Men could help erectile dysfunction by doing their pelvic floors, research suggests

Could pelvic floors help erectile dysfunction? [Photo: Getty]

Pelvic floor exercises could help men overcome erectile dysfunction (ED) or premature ejaculation (PE), new research has revealed.

The benefits of pelvic floors for women have long been discussed, particularly in helping pregnant women lower their risk of incontinence.

But a new study, journal Physiotherapy, has now suggested pelvic floors exercises could also help men suffering from sexual issues.

In the first study of its kind, researchers analysed data from 650 men who used pelvic floor exercises to combat erectile and premature ejaculation.

The academic team, from James Cook University in Australia, found the exercises helped in 47 per cent of the patients with ED.

And for premature ejaculation, the results were even more impressive with 83 per cent admitted they worked.

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Erectile dysfunction and premature ejaculation are extremely common conditions.

According to the NHS erectile dysfunction (ED), also known as impotence, is the inability to get and maintain an erection.

Erectile dysfunction is a very common condition, particularly in older men. It is estimated that half of all men between the ages of 40 and 70 will have it to some degree.

Equally, premature ejaculation has been identified as impacting 30% of the general male population.

But despite the cause being a potential muscular dysfunction in the pelvic floor, treatment has traditionally consisted of lifestyle changes and drugs.

Now, however, research has indicated that simple pelvic floor exercises could be effective in the management of male sexual dysfunctions.

The pelvic floor muscles can be identified by stopping urination midstream, or by drawing the testicles upwards.

Men could then tighten and hold these muscles periodically throughout the day to build strength and control.

New research has found pelvic floor exercises could provide an alternative treatment to sexual dysfunctions [Photo: Getty]

Chris Myers, study co-author, explained that weak pelvic floor muscles “may directly impact erectile strength and the ejaculatory process.”

Commenting on the findings he said: "Society seems to look for a quick fix. It's like any form of exercise - if there is a pill or a magic potion, a lot of people will take that option.”

Though further trials are needed to confirm that pelvic floor exercises are effective in treating sexual dysfunction, it could give male sufferers another option.

"Pelvic floor exercises to prevent ED and PE are a non-invasive and a cheaper option than traditional methods."

According to Mr Rick Viney, consultant urologist at BMI The Priory Hospital in Birmingham the physiology of the male erection is complex.

“It requires a healthy blood and nerve supply as well as a healthy libido driven by testosterone,” he explains. “When erections fail there are a multitude of possible causes, often more than one at the same time. If you are struggling to get it up, you’re not alone. 40% of men over the age of 40 complain of some erectile problems.”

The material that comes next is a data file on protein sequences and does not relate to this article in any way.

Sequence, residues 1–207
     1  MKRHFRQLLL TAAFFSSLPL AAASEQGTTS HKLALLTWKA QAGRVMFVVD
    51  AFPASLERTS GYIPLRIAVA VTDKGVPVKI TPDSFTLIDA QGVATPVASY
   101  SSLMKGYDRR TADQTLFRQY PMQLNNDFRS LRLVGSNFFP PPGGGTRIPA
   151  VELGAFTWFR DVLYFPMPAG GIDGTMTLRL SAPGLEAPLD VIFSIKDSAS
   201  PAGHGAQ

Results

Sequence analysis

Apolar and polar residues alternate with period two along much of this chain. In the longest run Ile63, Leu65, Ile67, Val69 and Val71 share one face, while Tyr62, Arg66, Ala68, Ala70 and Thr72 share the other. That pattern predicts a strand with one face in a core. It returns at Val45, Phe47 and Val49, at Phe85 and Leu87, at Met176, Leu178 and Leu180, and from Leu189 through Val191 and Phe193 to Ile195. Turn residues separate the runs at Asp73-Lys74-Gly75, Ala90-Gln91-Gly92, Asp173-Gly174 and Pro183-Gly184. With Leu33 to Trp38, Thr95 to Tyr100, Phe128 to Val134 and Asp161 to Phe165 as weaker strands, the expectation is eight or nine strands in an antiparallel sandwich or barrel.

Mr Viney explains that in recent times we have become more aware of the role of the pelvic floor in the erectile process.

“As such, there has been some trials work looking at whether pelvic floor exercises (PFE) can help erectile dysfunction,” he explains. “Five of the six clinic trials undertaken have demonstrated significant improvement in erectile function in the subjects. As such, PFEs are definitely worth undertaking as part of improving a one’s erectile function.”

But Mr Viney recommends that if a man is having difficulties with his erections it is vital he sees his doctor.

READ MORE: Wearing lose-fitting boxers could boost men’s sperm count

In other penis news, new research has revealed that men who live on polluted main or busy roads could be at risk of erectile dysfunction.

The research, published in The Journal of Sexual Medicine, linked higher exposure to pollution with erectile dysfunction – which is understood by the NHS as struggling to get or maintain an erection.

A further study linked the size of men’s penises to the chemicals used in non-stick frying pans.

A new study has found that chemicals, known as perfluoroalkyl compounds (PFCs), are having a surprising impact on men’s penises and potentially making them smaller.

The chemicals, called perfluoroalkyl compounds (PFCs), are found in a number of everyday items, including the non-stick coat on cookware, fast food packaging and medicines.

Researchers, from the University of Padua, revealed that PFCs could be harming hormone signalling, which in turn could lead to ‘significantly’ smaller penises and less mobile sperm.

Men are also being warned about the dangers of ‘penis fillers’ because of the risk of complications.

The procedure is thought to be becoming more popular among men concerned about the size of their manhood.